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Vacation Budgeting Hack – Don’t Forget About Tips!

by Ryan Guina

Cruise ShipMy wife and I recently returned from our first cruise. I must say, our trip was expensive, but well worth it! I haven’t sat down to compute the final bill for our vacation, but I know it is high. In fact, for just under 2 weeks, we spent well over $250 on tips alone!

Yes, $250 is a lot of money, but you have to realize that cruise line employees make most of their money in the form of tips. The best thing you can do is recognize the associated cost and budget for it! Here is more information about tipping cruise line workers.

My wife and I traveled on Celebrity Cruise Line, so I included an example of their recommended tipping schedule, which we followed.

Celebrity Cruise line recommended tips (These tips are per person, per day):

  • Waiter – $3.50
  • Assistant Waiter – $2.00
  • Assistant Maitre D’ – $0.75
  • Stateroom Attendant – $3.50
  • Assistant Chief Housekeeper – $.050
  • Total – $10.25 (per person, per day)

For a 10 day cruise, that equals $205 for 2 people. The total my wife and I paid for tips on our cruise was at least $230. (We tipped extra for a special dinner, and a 15% gratuity is automatically added to all drinks and services, including alcohol, sodas, spa treatments, etc.). Including the cruise, taxis, excursion drivers & tour guides, and other restaurants, I think we spent around $275-300 on tips for our 2 week vacation.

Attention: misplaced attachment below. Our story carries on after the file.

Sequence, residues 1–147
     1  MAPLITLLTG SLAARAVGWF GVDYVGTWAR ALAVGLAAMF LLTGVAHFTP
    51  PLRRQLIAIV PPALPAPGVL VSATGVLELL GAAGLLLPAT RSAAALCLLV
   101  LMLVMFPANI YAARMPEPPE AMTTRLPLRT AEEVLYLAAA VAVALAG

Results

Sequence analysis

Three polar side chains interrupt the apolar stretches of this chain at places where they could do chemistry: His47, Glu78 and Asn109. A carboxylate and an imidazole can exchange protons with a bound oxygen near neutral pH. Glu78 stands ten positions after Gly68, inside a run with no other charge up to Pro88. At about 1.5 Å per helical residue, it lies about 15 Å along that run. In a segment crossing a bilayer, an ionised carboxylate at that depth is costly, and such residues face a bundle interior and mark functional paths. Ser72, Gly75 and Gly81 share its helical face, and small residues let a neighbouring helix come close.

Well-earned money. While I thought the cruise company did everything in their power to extract as much money as possible from their customers (more on that in a later article), every crew member on the ship did everything they could to make our vacation memorable. The service was everything we expected. Because the crew members were such hard workers and pleasant people, I had no problem giving them the money they earned.

Can you save money by tipping less? You can, but I would also recommend against cutting back on tips as a way to save money. Tips represent a large portion of these workers pay, and by scaling back, you are taking money away from individual people, not some faceless corporation.

Travel Hint: When budgeting for your next vacation (especially if you will take a cruise), don’t forget to budget for tips you may incur during your travels – such as tipping bag porters, taxi drivers, waiters, hotel staff, cruise line workers, and tour guides. These tips add up quickly!

photo credit: maxsomma.


Published or updated October 12, 2008.
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{ 8 comments… read them below or add one }

1 Mark

Great article. I always wondered how much they made on the big ships considering how many people there were cuz the big ships carry at max a few thousand cruisers.

When I worked the ship in Alaska, it was a small ship, 240 feet, 210 passengers max, 22 crew including officers. Basically, all the tip went into a pool and was split equally among each of us, excluding the officers.

So the tips varied from each trip because some trips we were filled to the max, others a little less.